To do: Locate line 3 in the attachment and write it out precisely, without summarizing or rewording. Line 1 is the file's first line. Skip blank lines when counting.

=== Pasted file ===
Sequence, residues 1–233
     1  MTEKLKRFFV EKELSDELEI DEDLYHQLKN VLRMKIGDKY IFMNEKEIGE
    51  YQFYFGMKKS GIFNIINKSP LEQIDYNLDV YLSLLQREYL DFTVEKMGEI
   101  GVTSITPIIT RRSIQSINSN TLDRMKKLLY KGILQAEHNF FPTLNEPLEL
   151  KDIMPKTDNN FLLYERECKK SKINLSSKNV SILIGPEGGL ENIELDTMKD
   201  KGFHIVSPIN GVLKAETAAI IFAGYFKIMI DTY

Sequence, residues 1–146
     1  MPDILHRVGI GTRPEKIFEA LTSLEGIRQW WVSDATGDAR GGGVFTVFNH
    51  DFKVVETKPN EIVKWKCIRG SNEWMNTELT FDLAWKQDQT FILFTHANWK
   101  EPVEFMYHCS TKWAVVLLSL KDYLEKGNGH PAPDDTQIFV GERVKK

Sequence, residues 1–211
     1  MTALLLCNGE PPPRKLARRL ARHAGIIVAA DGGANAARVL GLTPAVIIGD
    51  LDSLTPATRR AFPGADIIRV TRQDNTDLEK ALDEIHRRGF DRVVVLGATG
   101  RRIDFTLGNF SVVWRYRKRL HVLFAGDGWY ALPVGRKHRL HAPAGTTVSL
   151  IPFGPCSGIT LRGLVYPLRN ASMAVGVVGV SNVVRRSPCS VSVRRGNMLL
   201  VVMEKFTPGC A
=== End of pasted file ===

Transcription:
    51  YQFYFGMKKS GIFNIINKSP LEQIDYNLDV YLSLLQREYL DFTVEKMGEI